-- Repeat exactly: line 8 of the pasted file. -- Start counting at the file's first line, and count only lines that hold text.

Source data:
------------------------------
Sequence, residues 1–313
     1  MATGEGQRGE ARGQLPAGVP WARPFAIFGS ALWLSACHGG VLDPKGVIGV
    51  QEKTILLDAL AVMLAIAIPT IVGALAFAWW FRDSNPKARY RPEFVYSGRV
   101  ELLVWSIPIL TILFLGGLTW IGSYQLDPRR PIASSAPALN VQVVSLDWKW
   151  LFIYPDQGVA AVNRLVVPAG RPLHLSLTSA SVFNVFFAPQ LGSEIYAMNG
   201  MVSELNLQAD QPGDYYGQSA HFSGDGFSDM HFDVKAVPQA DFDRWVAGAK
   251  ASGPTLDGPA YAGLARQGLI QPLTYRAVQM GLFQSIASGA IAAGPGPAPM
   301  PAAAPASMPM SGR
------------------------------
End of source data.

   301  PAAAPASMPM SGR